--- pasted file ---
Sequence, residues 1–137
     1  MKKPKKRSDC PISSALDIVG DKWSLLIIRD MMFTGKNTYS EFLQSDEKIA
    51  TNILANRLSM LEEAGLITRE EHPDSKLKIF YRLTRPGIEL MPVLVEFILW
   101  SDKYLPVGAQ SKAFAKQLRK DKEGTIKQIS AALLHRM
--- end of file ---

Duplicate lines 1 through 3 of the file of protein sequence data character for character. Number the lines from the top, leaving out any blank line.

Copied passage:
Sequence, residues 1–137
     1  MKKPKKRSDC PISSALDIVG DKWSLLIIRD MMFTGKNTYS EFLQSDEKIA
    51  TNILANRLSM LEEAGLITRE EHPDSKLKIF YRLTRPGIEL MPVLVEFILW